Through the gleaming windows at Houston’s MD Anderson Cancer Center, sunshine tumbles over a seemingly endless field of cotton candy clouds.
Holly Clegg smiles out at the view. Surgery is finished. And while there is pain, there is also joy, laughter and purpose. If Holly forgets this, all she has to do is look up.
Holly’s daughter Haley has pressed an array of photos—grandchildren, friends, even a granddog and travel snapshots—to her hospital wall. There are so many, the doctor chuckled at check-in that she wasn’t moving in for that long.
The pictures are important, though. They tell Holly just how much she is loved and how much living she has yet to do.
Holly was enrolled at MD Anderson as patient number 19 in a study that combines stomach surgery with a type of heated chemotherapy known as HIPEC, or Hyperthermic Intraperitoneal Chemoperfusion, that is pumped directly into the abdomen. Additionally, Holly had eight chemotherapy treatments in the fall. On January 23, doctors administered the HIPEC and removed 90% of her stomach.
Her mindset: Optimistic, always. She is relieved to still have 10% of her stomach. And, she says, since her surgeon told her she has a larger stomach than average, that 10% will enjoy a lot of delicious food.
The Cleggs are a cheery bunch. In the hospital room on this day in late January, chuckles echo off the walls and ring down the halls. Holly, who sports a wide, unforgettable smile, makes friends easily. She usually has a box of her cookbooks handy so she can share her recipes with those she meets.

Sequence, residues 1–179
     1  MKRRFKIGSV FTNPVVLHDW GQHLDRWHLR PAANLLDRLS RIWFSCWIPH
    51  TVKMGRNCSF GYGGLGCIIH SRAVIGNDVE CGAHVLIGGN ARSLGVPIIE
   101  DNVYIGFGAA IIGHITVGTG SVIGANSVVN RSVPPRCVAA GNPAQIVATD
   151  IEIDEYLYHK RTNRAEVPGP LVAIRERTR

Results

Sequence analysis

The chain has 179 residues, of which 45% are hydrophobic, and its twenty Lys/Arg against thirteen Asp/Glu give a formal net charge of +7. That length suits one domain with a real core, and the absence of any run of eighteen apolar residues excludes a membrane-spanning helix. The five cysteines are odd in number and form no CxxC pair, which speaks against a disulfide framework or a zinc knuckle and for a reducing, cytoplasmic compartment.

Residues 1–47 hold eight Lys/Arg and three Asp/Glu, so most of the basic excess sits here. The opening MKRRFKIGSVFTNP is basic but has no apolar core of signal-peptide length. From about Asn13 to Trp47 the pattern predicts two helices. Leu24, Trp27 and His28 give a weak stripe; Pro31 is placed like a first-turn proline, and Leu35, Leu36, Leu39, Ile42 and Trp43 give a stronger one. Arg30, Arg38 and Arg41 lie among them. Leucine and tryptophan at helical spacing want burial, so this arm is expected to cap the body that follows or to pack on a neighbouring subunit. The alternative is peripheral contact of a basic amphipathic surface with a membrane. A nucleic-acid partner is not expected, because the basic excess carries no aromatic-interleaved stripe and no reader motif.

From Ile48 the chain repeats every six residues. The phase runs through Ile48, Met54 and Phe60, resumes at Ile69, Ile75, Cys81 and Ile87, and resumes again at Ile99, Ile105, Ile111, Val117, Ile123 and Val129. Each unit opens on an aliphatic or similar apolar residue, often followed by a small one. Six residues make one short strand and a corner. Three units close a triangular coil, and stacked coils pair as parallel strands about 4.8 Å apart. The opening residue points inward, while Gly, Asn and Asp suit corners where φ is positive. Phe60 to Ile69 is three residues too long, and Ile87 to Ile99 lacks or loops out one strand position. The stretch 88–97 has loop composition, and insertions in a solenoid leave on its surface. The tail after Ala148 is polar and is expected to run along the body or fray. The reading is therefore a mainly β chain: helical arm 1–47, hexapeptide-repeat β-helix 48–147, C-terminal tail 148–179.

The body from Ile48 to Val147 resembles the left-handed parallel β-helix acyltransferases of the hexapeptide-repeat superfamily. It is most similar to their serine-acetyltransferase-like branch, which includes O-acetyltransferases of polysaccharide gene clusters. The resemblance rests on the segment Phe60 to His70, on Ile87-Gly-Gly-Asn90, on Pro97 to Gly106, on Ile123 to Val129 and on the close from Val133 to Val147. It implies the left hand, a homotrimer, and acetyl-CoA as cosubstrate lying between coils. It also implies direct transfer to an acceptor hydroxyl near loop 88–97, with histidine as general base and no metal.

“I’ve had people say, ‘You all look like you are having so much fun,’” Holly says. “‘You are always smiling.’ And you know what? We are having a good time. We’re not sitting around crying all the time.”
The night Holly was diagnosed, she and her husband, Mike, rushed to the Houston home of Holly’s sister, Ilene Putterman, and her husband, Bart. The Cleggs had an appointment at MD Anderson the next day.
“From the moment we got the diagnosis, they said, ‘We’re opening up Hotel Putterman for the Cleggs,’” says Mike.
The experts referred to the kind of stomach surgery Holly had as a monster. It has more than lived up to that name, leaving behind an 18-inch incision and pain that wakes her in the night.
“It’s been brutal,” Holly says. “But I try to keep a smile on my face and keep going, pushing forward.”
Stomach cancer is rare. So it was a shock when Holly was diagnosed after feeling overly full for about 10 days. “Less than 1% of women have stomach cancer in a lifetime. I had no family history and no risk factors.”
There is cruel irony to a foodie and passionate chef getting a stomach disease. Did Holly ever ask why me? Is she angry?
“I have chosen not to do why me? I have not done that at all,” she says. “But maybe it is me because I am someone who can make a difference for stomach cancer.”
Mike had the opposite take, at first. When the diagnosis came in, he was so mad, he wanted to pound the walls down.
But then he remembered his wife’s strength. Her unique ability to bring hope to others, he realized, is the very quality that will give her the stamina to beat this disease and transform it into something good.
“She’s mainly worried about ‘how can I help somebody other than Holly Clegg?’” he says. “She always just wants to help. A lot of times, she is helping people she doesn’t know and will never meet.”
Holly loves to get letters from people telling her how much her cookbooks—she has sold 1.5 million copies—have supported their health. Her books help busy people cook and eat well. She also has titles that are specifically for individuals who are in treatment for cancer, diabetes or arthritis.